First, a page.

Well be working with companies that import goods from around the world, to make sure that their practices meet the high standards that we set for the United States, stated President Bush. Under the groups radar is the identification of best practices utilized by U.S. importers in:
Selection of foreign manufacturers
Inspecting manufacturing facilities
Inspecting goods produced before export or distribution in U.S.
Identifying origin of products
Safeguarding the supply chain
Import Czar Position in the Making
Major U.S. business leaders recently gathered to discuss the import quality crisis and recognized the need to do more as the explosion in the volume and diversity of goods has overwhelmed even the biggest companies tasked with evaluating dozens of supply chains, many of which run two or three suppliers deep reported a July 5 article in Fortune Magazine.
One of the ideas being circulated is to create an import czar position - a chief imports officer who can oversee global sourcing. Most companies lack a central figure to reign over global operations its all about accountability, coordination, and the need to focus internally to ensure that someone is keeping watch over the shop.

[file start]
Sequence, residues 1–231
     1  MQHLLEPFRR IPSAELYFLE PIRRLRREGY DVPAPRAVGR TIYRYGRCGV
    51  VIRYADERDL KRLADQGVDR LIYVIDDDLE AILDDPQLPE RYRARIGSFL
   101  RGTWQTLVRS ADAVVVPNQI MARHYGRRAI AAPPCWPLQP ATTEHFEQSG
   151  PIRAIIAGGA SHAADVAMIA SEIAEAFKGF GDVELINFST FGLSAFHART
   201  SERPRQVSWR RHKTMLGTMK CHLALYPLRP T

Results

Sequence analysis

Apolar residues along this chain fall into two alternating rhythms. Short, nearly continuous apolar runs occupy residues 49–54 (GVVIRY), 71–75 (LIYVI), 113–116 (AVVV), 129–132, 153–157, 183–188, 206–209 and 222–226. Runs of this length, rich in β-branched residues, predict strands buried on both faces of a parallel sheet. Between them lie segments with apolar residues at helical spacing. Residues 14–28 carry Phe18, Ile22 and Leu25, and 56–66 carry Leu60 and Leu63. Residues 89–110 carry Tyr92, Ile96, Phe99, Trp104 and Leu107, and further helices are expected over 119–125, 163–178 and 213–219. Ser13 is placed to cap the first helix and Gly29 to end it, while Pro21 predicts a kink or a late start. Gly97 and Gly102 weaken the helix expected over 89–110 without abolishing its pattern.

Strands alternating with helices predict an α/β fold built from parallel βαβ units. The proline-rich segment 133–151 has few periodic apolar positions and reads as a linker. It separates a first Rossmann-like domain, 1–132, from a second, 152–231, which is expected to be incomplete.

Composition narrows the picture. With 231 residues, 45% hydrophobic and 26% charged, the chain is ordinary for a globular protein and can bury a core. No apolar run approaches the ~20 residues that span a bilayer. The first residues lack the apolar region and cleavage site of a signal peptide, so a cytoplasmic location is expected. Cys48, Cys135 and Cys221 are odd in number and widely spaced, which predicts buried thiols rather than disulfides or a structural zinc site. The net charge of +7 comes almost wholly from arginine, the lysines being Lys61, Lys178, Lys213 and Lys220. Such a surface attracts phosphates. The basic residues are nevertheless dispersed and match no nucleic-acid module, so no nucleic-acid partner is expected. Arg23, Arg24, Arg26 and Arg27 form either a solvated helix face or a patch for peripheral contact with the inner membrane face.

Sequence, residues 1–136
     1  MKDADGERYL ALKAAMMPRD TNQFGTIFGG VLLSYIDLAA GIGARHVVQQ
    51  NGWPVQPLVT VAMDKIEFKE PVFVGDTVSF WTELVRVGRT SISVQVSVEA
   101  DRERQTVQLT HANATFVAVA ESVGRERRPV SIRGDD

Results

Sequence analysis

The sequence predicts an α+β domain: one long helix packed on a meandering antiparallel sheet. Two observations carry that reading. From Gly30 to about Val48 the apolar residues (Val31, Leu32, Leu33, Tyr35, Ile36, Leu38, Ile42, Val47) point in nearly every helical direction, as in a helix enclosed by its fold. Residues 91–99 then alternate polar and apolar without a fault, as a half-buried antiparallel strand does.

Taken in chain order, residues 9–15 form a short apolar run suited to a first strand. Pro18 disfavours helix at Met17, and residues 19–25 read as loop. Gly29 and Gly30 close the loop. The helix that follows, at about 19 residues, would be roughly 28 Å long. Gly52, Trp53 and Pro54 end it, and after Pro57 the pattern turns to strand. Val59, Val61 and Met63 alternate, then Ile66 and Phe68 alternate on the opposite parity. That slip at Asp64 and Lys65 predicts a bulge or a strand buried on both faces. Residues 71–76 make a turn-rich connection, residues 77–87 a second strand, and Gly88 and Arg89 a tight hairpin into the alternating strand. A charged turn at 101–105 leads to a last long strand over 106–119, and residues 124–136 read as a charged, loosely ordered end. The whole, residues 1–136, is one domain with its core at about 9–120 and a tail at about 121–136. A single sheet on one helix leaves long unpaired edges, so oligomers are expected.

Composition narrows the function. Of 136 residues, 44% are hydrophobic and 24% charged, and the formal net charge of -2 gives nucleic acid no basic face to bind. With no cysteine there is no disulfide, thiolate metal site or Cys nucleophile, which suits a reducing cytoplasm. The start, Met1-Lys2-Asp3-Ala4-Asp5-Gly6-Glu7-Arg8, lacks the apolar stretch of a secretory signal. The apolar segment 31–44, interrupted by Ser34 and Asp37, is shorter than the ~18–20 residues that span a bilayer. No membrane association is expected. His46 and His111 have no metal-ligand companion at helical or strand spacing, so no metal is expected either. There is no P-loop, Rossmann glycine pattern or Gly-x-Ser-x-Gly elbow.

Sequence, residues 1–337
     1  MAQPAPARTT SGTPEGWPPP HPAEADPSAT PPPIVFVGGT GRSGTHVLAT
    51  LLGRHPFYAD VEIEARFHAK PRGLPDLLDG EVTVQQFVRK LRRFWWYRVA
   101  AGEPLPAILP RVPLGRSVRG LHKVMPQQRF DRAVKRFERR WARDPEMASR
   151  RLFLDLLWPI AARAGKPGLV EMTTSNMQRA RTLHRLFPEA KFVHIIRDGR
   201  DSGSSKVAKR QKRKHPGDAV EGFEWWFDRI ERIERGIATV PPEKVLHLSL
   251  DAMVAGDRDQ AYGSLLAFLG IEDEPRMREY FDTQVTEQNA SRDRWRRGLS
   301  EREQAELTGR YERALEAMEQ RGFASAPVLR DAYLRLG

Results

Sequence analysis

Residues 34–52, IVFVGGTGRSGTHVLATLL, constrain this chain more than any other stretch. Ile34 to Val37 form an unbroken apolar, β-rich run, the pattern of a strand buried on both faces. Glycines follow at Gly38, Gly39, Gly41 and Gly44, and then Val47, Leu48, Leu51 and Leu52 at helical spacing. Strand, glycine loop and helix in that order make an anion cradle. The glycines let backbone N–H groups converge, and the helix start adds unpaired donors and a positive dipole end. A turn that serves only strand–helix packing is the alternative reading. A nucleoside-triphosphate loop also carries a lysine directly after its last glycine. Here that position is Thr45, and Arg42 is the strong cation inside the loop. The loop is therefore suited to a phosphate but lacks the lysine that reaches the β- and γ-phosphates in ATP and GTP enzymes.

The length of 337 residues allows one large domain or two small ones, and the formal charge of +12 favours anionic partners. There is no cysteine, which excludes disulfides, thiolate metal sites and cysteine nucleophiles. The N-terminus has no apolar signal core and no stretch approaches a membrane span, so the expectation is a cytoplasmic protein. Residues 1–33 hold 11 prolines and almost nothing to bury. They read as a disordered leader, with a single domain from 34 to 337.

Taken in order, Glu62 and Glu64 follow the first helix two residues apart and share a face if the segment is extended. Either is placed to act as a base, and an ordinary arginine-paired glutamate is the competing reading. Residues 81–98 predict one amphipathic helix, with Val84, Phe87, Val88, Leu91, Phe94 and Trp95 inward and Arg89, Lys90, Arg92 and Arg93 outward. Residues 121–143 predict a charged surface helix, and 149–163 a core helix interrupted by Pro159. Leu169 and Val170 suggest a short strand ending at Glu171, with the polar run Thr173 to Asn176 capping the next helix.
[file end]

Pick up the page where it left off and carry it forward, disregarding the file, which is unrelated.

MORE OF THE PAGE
What Are You Doing?
As the U.S. government looks for ways to step up enforcement of import safety, the question of all companies should be: WHAT ARE YOU DOING TO MAKE SURE YOUR IMPORTS ARE SAFE?
Companies must put consumer protection first and above any other motivations. In the end, we are all consumers and should expect nothing less! Before the U.S. government comes knocking on your door, here are some areas to consider as you evaluate your current business:
IMPORT SAFETY CHECKLIST
I Inspections Do you inspect your foreign factories (announced/unannounced)?
M Management Do you have commitment and corporate objectives
P Policies Do you have procedures to ensure corporate objectives are followed
O Origin Do you identify and verify product origin
R Recalls Do you have a program to inform consumers and agencies of defects
T Testing Do you test products (internally/externally) and document/track results
S Suppliers Do you have quality/safety requirements in writing/acknowledged
A AuditDo you have a product safety audit plan
F Follow Do you follow or benchmark what your competitors are doing or recommending